A class serves as a blueprint/template for describing a specific type of object. They can be used to describe both physical and intangible assets. Classes pertaining to a particular domain are typically grouped together and their definitions stored in what are referred to as a schema. An Employee is an example of a physical asset that is associated with a company.
The Company that the employee works for is not in and of itself a physical asset, but rather an association formed and organized to carry on a business.
Notice both of the above classes are designated as IsDomainClass, which indicates that instances can be created from it. This attribute is typically set to false for abstract classes, since instances are not created for them. An example of one such class is shown below.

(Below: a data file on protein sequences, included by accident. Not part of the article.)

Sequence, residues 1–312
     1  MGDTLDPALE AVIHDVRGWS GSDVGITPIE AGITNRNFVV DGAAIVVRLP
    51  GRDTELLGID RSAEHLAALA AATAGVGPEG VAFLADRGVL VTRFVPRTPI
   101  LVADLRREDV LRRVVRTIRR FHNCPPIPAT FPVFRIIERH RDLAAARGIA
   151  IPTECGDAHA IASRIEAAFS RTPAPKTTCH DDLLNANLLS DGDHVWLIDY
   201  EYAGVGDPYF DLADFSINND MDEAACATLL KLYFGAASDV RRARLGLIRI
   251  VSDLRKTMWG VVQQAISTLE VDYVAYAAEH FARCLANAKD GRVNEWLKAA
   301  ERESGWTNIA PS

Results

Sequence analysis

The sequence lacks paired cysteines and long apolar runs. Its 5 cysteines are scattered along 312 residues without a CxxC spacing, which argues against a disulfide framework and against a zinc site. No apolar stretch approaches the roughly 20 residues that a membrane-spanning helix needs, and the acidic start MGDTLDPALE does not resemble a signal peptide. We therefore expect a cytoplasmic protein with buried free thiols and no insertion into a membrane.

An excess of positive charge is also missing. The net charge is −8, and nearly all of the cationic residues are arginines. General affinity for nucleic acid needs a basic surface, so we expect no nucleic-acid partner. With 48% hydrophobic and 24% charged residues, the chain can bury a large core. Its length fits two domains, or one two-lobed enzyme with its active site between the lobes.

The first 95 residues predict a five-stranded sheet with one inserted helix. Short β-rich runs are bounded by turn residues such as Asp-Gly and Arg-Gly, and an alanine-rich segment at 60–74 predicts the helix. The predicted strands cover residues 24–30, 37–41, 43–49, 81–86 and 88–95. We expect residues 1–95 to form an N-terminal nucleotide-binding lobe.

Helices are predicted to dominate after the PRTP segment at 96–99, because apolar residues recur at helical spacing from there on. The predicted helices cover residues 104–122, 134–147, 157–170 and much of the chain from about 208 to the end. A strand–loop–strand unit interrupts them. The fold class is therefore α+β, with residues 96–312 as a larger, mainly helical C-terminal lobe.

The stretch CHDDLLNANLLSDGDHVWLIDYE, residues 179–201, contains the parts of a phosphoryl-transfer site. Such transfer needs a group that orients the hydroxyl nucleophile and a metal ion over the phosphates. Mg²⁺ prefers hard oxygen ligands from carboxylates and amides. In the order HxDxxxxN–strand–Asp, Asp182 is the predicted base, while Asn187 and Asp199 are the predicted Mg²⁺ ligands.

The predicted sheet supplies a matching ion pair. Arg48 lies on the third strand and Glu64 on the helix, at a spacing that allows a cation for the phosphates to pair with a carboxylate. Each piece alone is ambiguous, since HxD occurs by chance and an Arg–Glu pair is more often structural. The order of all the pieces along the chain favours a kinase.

Classes are also often times used to define complex data types, having multiple pieces of data associated with them. The Location class shown below is an example.
Notice in this case, the class is designated as a IsStruct, which indicates it is a structure. Also, notice that it is also designated as a IsDomainClass, since instances will be created from it. Class are used for other purposes as well (e.g., relationships and custom attributes), which will be discussed later.